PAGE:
Mwabu, a Zambia-based education technology company, seeks to change this by bringing interactive e-learning content and resources into communities and classrooms across Africa.
Founded on the belief that one solution doesn’t fit all, Mwabu’s pedagogy strays from traditional “chalk and talk” teaching. Instead, it incorporates various approaches where learners explore and learn through understanding, analyzing and solving a range of different tasks individually, in groups or with the teacher. The company offers the development of curriculum-aligned teaching and learning resources, assessment tools, devices and hardware as well as continued training and mentoring for teachers through its Mwabu Academy.
A 2016 study conducted in Zambia by UNICEF found that children learning with Mwabu improved their literacy scores three times faster than a control group.
“Things changed when Mwabu was introduced in the sense that the tablets cover all the subjects including those in which we don?t have materials,” said Simbali Liseke, head teacher at Kandala Community School in western Zambia. “Now I can say we have enough resources, we even have some things that we thought we would never have. Learning has become much more interesting.”
Since 2013, Mwabu has created more than 5,000 lesson plans in Zambia while providing educational tools to tens of thousands of pupils and teachers. The company recently made its debut in South Africa and is also working in Kenya and Tanzania, with plans for further expansion, according to IT News Africa.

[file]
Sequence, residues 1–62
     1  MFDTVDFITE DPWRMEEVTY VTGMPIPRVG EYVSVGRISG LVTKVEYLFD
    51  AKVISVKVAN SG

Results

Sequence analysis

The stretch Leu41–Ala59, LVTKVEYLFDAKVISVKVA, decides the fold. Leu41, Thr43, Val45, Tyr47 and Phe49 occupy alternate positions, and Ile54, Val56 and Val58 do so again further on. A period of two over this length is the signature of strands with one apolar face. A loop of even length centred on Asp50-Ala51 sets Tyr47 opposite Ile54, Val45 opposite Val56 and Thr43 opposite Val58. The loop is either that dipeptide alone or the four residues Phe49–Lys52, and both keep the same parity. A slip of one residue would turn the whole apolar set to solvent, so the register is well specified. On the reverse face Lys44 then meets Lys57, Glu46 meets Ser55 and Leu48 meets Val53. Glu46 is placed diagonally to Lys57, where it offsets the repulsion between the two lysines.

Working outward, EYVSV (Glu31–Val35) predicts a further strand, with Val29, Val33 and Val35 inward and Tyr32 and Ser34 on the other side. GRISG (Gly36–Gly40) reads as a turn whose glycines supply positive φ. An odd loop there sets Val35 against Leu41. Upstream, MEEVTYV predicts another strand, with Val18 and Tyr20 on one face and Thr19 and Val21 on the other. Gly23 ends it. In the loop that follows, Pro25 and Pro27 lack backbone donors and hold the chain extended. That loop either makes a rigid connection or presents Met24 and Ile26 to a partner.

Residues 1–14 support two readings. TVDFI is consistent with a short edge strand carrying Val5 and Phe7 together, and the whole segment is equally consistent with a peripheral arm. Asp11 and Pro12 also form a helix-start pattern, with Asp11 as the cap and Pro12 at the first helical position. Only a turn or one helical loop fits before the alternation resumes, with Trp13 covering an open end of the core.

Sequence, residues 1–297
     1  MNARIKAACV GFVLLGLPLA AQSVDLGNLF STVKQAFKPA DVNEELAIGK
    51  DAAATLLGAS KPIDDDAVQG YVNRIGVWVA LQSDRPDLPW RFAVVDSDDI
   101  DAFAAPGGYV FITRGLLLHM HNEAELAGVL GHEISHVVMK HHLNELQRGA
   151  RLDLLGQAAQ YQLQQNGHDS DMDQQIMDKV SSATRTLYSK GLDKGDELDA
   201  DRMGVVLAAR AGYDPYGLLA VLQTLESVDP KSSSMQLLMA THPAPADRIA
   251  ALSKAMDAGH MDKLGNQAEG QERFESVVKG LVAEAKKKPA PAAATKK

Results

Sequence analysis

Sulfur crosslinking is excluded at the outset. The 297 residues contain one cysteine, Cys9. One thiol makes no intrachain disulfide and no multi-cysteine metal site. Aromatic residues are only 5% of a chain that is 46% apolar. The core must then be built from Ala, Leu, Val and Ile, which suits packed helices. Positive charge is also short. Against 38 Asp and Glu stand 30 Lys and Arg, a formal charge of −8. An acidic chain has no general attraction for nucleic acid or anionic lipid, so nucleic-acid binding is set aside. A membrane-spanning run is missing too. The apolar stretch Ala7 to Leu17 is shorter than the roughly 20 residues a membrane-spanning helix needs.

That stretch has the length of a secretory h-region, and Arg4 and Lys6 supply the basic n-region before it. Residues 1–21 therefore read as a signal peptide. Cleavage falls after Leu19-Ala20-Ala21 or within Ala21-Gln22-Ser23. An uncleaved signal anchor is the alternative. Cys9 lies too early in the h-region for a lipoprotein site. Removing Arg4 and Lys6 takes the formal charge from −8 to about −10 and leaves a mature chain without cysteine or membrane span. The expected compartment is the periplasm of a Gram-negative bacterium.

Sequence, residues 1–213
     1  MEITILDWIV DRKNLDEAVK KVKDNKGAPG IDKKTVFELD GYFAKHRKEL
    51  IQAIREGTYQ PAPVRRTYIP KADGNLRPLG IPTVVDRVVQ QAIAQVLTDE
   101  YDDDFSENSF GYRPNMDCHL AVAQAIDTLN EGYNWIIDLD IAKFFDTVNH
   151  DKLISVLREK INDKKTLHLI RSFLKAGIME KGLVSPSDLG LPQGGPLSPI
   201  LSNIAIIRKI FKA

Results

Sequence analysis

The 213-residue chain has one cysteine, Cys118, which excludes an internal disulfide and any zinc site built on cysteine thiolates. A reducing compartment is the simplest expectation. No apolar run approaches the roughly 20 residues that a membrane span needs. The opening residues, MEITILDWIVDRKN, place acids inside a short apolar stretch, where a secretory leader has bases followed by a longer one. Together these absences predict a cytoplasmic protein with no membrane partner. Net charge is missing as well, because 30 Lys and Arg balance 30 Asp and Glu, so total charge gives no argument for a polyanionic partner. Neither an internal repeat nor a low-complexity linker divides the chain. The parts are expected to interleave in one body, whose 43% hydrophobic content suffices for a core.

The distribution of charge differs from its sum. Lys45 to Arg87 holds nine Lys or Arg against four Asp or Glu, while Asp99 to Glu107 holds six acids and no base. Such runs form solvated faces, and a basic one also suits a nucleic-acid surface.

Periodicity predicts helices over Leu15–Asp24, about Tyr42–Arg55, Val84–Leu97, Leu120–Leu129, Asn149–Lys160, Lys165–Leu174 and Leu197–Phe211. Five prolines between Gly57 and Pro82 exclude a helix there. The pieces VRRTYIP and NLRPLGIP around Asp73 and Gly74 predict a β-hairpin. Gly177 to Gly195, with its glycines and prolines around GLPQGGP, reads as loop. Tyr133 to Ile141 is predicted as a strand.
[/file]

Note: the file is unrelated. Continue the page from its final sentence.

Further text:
Mwabu, which was a nominee at last year’s AppsAfrica Innovation Awards, aims to reach 100 million learners across Africa by 2020.
Since its launch in 2011, Snapplify has quickly become the largest e-book aggregators in Africa. The South Africa-based company provides a platform for reading digital content, such as e-books, magazines and newspapers. Snapplify works with hundreds of publishers, including Penguin Random House, Pearson, Oxford and Cambridge, to aggregate their e-books within established distribution channels.
Snapplify is also partnering with governments and organizations in a number of African nations to roll out e-learning solutions in schools. The startup is transforming classrooms across the continent by offering e-books to schools, colleges and universities and providing students and teachers digital access to more resources.
Snapplify was the recipient of the “Educational Award” at this year’s AppsAfrica Innovation Awards in Cape Town, South Africa.
“Digital will enable learners to reach a richer and comprehensive library of digital resources and content. Tools also enable teachers to more effectively teach, and create personalized learning paths for students,” Snapplify CEO Wesley Lynch told Disrupt Africa in January 2017. “We are proud to be supporting important projects that empower schools and students across Africa to embrace digital learning. It’s important to us that educators are able to offer students access to world class educational materials and eLearning platforms, regardless of the challenges presented by a low-connectivity and bandwidth availability.”